A Peculiar Indifference: The Neglected Toll of Violence on Black America

Elliott Currie. Metropolitan, $27.99 (288p) ISBN 978-1-250-76993-0
Criminologist Currie (The Roots of Danger) laments the lack of attention paid to disproportionately high rates of violent death and injury among African Americans in this disturbing evidence-based account. Though cities including Baltimore, Chicago, Detroit, New Orleans, and St. Louis have seen their Black inhabitants killed at levels “otherwise seen only in the most violent countries in the developing world” over the past 50 years, Currie writes, police shootings of African Americans have generated far greater public awareness and outrage than this “ongoing emergency of everyday interpersonal violence.” In his view, both types of conflict result from decades of underinvestment in Black communities, and he marshals a wealth of evidence from the fields of public health, sociology, and psychology to support his claims. The historical range of sources runs from W.E.B. Du Bois’s 1899 sociological study The Philadelphia Negro to University of Maryland criminologist Joseph Richardson’s recent interviews with juvenile offenders convicted of violent crimes. Though sincere and persuasive in his efforts to document and explain the challenges faced by urban Black Americans, Currie’s suggestions for reform, including stricter gun control and a rethinking of incarceration, are well-worn. Still, this is an informative and well-intentioned overview of an ongoing crisis in America. (Sept.)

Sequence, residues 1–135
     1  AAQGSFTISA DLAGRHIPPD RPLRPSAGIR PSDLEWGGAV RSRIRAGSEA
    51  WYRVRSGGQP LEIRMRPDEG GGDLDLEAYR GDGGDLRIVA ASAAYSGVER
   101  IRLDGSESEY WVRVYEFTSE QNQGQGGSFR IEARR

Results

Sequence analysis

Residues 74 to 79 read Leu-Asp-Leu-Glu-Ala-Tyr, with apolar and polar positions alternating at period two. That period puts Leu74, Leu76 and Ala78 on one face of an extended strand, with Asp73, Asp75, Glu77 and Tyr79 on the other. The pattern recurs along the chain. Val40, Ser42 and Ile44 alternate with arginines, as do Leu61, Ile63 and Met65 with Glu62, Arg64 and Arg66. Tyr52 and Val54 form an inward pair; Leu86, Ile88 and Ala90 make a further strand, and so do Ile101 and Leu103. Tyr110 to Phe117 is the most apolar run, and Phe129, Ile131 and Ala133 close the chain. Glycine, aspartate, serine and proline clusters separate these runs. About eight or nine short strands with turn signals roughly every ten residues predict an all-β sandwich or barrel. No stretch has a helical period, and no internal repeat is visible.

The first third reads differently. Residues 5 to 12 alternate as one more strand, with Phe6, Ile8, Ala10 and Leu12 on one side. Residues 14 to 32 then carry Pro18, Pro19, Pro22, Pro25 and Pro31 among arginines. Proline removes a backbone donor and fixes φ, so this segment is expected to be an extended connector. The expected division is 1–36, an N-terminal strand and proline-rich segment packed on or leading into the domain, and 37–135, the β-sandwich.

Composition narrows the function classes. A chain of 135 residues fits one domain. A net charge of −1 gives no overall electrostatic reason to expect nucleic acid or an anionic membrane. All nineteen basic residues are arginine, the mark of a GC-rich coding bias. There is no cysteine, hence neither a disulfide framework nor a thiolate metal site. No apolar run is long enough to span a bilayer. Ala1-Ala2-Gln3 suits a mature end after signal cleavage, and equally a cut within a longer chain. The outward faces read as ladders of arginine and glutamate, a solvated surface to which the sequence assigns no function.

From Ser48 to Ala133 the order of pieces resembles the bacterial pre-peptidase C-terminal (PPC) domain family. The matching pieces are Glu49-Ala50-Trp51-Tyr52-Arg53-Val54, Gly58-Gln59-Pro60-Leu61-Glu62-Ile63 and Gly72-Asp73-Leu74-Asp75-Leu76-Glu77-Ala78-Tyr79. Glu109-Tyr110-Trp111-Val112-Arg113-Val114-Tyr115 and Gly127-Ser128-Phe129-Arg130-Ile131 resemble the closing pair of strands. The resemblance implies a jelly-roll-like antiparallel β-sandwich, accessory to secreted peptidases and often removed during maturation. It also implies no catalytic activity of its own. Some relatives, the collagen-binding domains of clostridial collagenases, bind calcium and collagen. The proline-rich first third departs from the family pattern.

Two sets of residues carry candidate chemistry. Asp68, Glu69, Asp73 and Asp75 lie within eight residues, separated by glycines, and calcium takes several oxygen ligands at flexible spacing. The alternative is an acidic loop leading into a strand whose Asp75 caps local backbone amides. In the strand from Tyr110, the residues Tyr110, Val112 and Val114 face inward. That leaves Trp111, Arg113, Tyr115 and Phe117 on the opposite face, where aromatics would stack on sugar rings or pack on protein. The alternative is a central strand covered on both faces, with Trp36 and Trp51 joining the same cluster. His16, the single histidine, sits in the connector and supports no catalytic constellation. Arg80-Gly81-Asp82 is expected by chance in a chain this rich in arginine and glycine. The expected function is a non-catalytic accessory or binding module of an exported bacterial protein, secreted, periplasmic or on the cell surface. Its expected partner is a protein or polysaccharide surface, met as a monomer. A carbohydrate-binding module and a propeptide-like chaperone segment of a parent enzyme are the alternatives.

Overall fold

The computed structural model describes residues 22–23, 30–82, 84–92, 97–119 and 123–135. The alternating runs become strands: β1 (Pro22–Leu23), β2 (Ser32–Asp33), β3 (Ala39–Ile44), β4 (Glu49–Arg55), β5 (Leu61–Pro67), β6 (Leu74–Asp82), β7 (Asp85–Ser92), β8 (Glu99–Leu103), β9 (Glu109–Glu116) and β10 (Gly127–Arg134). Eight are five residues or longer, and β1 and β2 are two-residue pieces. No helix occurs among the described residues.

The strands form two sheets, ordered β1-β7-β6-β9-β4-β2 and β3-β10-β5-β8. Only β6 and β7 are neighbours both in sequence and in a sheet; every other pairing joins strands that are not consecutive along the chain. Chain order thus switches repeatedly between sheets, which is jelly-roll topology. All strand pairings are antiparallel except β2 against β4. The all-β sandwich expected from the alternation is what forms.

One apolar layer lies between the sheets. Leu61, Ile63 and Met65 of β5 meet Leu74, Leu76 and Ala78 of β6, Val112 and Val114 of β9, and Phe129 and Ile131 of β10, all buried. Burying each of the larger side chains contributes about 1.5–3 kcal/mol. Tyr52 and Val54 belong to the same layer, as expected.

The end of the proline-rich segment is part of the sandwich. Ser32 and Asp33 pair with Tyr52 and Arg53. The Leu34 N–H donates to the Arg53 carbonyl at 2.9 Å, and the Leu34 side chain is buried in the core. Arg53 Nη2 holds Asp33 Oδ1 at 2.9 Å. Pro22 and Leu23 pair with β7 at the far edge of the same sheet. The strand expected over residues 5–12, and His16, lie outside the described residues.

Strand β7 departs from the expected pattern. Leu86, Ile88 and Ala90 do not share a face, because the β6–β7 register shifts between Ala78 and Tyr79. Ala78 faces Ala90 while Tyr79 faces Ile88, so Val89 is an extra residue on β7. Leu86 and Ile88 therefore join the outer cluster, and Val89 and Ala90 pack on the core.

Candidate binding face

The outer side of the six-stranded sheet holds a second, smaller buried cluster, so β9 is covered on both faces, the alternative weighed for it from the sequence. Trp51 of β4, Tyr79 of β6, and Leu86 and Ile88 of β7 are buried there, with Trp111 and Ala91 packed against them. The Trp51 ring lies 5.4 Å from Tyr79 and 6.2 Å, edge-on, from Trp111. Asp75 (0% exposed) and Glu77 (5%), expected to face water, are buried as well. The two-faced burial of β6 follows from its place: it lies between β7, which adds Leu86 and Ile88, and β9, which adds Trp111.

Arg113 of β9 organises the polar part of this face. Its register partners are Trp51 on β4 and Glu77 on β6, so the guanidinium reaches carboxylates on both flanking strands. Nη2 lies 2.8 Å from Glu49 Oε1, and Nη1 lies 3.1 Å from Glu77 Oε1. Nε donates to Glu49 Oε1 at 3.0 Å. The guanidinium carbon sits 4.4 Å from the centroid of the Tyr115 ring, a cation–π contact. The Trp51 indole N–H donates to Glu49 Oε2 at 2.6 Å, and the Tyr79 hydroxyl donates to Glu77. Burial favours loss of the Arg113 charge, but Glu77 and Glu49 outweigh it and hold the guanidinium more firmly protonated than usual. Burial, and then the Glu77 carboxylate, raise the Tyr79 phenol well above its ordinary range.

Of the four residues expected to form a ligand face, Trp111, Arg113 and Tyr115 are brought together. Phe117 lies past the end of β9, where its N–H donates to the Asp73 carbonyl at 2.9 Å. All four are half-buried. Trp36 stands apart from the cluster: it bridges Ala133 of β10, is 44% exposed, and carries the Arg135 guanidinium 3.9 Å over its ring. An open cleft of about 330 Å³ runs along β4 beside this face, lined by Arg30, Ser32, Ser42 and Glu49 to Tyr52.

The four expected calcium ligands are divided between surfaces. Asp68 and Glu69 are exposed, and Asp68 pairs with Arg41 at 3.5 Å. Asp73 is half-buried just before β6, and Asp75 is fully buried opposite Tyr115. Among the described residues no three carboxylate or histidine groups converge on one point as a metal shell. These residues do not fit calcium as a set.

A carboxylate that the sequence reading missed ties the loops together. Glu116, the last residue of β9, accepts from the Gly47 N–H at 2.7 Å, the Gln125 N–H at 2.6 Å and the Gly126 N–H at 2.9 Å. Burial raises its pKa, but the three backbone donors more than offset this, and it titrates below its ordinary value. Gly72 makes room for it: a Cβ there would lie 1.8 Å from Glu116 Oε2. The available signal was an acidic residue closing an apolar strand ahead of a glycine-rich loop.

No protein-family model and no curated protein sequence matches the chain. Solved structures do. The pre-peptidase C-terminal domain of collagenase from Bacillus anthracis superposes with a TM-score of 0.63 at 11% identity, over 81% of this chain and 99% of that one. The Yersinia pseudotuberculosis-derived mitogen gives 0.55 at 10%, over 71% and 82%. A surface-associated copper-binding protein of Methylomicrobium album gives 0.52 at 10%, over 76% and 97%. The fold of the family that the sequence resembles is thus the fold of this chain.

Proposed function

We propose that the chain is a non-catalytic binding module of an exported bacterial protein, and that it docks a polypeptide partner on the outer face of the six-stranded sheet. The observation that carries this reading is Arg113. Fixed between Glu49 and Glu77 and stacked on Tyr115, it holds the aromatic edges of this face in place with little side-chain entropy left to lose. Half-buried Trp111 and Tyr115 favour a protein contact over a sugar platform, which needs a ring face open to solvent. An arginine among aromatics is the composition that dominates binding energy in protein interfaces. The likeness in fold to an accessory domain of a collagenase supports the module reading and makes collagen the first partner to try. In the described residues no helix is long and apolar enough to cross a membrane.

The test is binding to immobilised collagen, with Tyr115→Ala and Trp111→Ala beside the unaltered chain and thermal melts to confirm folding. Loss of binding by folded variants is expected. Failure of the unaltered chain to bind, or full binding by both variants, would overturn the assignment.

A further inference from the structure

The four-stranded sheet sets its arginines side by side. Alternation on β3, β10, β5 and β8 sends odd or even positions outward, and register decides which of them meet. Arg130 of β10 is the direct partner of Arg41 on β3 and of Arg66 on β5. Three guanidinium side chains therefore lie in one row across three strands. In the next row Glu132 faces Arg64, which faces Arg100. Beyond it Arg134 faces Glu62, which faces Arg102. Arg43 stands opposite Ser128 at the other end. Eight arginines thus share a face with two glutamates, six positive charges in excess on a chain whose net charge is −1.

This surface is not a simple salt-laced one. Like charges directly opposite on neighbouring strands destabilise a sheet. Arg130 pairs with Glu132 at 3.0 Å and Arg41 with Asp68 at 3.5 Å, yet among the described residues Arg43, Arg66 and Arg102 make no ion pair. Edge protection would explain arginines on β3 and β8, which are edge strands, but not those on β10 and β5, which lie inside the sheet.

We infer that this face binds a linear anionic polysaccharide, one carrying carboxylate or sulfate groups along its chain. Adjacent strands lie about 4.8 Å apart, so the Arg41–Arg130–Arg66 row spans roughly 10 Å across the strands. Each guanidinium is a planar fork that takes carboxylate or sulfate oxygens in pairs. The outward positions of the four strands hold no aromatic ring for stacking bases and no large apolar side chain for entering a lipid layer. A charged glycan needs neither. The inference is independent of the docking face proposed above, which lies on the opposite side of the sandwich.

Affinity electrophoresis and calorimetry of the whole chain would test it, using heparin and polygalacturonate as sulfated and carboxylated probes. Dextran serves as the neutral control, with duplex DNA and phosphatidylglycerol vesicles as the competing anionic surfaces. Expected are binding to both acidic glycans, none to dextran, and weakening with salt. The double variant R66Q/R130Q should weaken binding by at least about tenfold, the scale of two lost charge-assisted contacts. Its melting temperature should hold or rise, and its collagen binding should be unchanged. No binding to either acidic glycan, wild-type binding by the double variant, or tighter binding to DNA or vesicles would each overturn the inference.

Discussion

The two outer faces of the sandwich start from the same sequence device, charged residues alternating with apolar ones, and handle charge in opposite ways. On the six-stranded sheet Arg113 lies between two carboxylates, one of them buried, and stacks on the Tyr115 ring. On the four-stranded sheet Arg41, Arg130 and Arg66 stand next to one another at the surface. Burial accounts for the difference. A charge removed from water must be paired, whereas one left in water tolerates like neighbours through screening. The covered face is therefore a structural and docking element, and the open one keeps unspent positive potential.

Reviewed on : 06/26/2020
Release date: 09/15/2020
Genre: Nonfiction
Book - 978-1-250-76994-7
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